A typical component of a physical therapy examination is the assessment of “muscle strength”, but what is strength? Typically, you’ll see strength defined as the ability to exert force on an external resistance. However, as with most things in life, it tends to be a little more complicated than that. It may be more accurate to say that strength is the ability to produce force in a specific context. For example, a powerlifter going for a 1RM squat is producing force in a different context than a CrossFitter performing a strict muscle-up. Why is this important?
If you’ve ever dealt with an injury that resulted in seeing a rehab professional you are likely familiar with Manual Muscle Testing (MMT). MMT is a graded scale that rates a muscle group’s ability to resist gravity or manual pressure from the physical therapist. It’s important to note that this type of assessment was originally developed to assess for neuromuscular deficits during the time of the polio outbreaks of the early 20th century. While MMT is relatively quick to implement and inexpensive to perform, it has its fair share of limitations. One of the main limitations is that it is highly subjective and may not pick up on deficits unless they are fairly large (remember it was originally developed to assess patients with polio).
MMT is basically a scale from 0-5, in which a 0 means “no ability to produce force,” and a 5 means “normal” or “maximal resistance.” However, there are a few big issues with this scale. The first big issue is that it is incredibly dependent upon the strength of the physical therapist. If you have a 125 lb physical therapist who doesn’t perform any regular strength training do an MMT test on a 200 lb powerlifter, they are very likely to grade that powerlifter as 5/5 or “maximally strong” on whatever MMT test they perform, even if there are substantial strength deficits present.
Another big issue is that this scale is not sensitive at all. This means that it really is unable to pick up anything other than relatively large strength deficits. In fact, there has been research showing that somebody can be given a 5/5 MMT grade (the “best/strongest” MMT grade), and still have a 50% strength loss! That is a HUGE amount of strength loss, and is a level of error that we are not satisfied with for our clients.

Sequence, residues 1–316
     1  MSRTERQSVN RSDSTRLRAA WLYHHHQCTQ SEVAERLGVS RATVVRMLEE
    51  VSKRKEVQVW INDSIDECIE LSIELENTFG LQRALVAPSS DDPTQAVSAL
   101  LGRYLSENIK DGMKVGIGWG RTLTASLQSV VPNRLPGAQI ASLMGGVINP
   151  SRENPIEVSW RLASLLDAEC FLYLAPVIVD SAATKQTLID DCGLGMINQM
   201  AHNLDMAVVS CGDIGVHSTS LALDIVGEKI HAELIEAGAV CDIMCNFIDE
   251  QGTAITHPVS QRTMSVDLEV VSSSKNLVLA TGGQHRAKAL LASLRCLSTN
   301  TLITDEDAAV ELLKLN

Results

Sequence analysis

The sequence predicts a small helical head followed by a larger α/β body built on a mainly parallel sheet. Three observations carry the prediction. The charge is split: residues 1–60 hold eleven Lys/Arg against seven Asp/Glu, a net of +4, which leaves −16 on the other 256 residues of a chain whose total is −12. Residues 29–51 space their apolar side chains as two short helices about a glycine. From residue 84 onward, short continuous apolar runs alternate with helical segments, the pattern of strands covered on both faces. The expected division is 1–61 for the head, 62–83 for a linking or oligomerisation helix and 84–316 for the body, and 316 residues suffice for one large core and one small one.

At Barbell PT & Performance, since we specialize in helping lifters, athletes, and active individuals, it is not uncommon for us to have to perform these strength assessments on pretty strong individuals. Therefore, it is our opinion that a more accurate and reliable way to assess someone’s muscle performance (ie. force production), is using an isometric dynamometer that utilizes a load cell to sense force. This method of assessment has been shown to be reliable and valid in comparison to the gold standard of an Isokinetic Dynamometer. We are fortunate enough to have access to a Force Hooks device (@forcehooks) which we can attach to a squat rack and have you push/pull against a strap or barbell attached to the unit(s). We know that you take your training/rehab seriously, which is why we have invested in the equipment to give us the best information possible to help inform our decision-making process and get you where you want to be.
Lastly, it is common to hear of someone having been told that they’re “weak” after being assessed via MMT. Now, if someone is dealing with knee pain, and it’s extremely painful to kick against someone pushing against your lower leg, does that mean that person’s quad is weak, or does it just mean that it’s too painful for them to tolerate? Especially in the field of rehab, someone’s inability to maximally exert force may not mean that a strength deficit is present. However, having the ability to accurately measure any discrepancies in force production not only allows us to better monitor progress, but also gives us the ability to prescribe isometric work at a certain intensity, to make sure that we are adequately stressing the area of injury.
Below are a few examples of different tests that we can do with our Force Hooks, which include both joint/muscle-specific tests, and movement-specific tests!
Long Lever Shoulder Extension
Half Kneeling Trunk Rotation
Isometric Mid Thigh Pull
If you are currently dealing with a pain or injury that’s limiting you in the gym, click the button below to schedule a free phone consult with our team to see if we can help you out!